Nearly nine decades ago, Helen Keller stood before the Lions Clubs and asked, "Will you not help me hasten the day when there shall be no preventable blindness; no little deaf, blind child untaught; no blind man or woman unaided?" Speaking at their 1925 International Convention in Cedar Point, Ohio, Helen Keller delivered a speech that was equal parts eloquence, emotion and inspiration. And the Lions listened.
For the past 89 years, the Lions have embraced Helen Keller's challenge to become "knights of the blind in the crusade against darkness." I felt honored to address them at their 97th Annual International Convention in Toronto yesterday, and to commend the latest of their tireless efforts to aid the blind and visually impaired. One year ago, Lions Clubs International partnered with the GAVI Alliance to buy and deliver measles vaccines for more than 20 million children. Given that measles is a major cause of vision loss in many places around the world—but can be prevented with a safe and inexpensive vaccine—this groundbreaking partnership will indeed hasten the day when preventable blindness is no more.
LCI Past International President Wayne Madden and Orin Levine celebrate LCI's commitment to vaccinating kids against measles. LCICon 2014, Toronto.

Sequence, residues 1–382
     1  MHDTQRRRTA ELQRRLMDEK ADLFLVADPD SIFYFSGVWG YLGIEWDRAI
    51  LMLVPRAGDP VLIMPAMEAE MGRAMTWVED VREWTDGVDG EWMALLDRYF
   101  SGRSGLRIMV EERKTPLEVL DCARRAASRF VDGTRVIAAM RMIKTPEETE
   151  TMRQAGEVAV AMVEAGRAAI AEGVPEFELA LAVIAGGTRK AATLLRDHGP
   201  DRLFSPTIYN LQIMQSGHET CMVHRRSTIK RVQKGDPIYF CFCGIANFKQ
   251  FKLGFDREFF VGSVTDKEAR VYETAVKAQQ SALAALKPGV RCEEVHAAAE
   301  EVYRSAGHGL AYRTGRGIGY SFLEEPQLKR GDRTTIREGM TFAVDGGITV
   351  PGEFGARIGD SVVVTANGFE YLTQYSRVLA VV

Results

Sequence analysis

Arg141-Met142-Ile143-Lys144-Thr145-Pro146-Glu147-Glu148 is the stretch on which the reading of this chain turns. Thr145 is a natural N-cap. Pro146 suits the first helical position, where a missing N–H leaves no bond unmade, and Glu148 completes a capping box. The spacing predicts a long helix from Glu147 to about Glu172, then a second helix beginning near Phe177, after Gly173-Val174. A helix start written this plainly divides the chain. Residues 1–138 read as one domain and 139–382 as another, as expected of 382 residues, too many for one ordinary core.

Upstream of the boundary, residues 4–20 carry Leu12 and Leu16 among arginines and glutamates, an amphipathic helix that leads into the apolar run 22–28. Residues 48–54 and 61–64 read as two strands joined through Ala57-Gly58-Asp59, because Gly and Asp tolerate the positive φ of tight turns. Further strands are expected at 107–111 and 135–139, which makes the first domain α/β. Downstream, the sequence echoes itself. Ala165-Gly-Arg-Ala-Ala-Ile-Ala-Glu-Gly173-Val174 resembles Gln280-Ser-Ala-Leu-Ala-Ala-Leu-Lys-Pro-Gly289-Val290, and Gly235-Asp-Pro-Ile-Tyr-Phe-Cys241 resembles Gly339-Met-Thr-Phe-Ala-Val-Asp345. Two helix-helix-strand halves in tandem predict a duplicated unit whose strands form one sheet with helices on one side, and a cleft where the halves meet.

One of the most contagious viral diseases ever known, measles claims the lives of 330 people every day. Tackling this formidable disease takes a unique kind of determination—and the Lions have exemplified this through their commitment not only to providing financial support, but also to serving as volunteers, delivering vaccines to children in last-mile clinics around the world.
I've seen the same determination in parents around the world who fear measles. In a remote part of northern Nigeria earlier this year, I met a young woman who walked miles past her local health center to a farther clinic with the sole purpose of getting her son Ado vaccinated for measles. Ado's vaccine—and his mother's willpower—may have saved his life. At 17 months old, he weighed just over 6 kilograms (13 pounds), the normal weight for a 6 month old. Malnourished children like him are at the highest risk for death by measles, and the ones whose lives can be saved by the perseverance of the Lions and GAVI.
The Lions' devotion to bettering their communities and the world sets an example of loyalty for all of us. Along with the UK's Department for International Development (DFID), we at the Bill & Melinda Gates Foundation are going to match the $30 million generated by Lions Clubs International to protect children from measles, bringing the total to US$ 60 million.
Nearly nine decades after Helen Keller's pivotal speech, Lions Clubs International has grown tremendously—both in size (to a network of 1.35 million volunteers) and in global reach. Their nearly century-long combination of "courage, strength, activity and fidelity" makes Lions Clubs International the perfect partner to help us deliver on the promise of childhood immunization.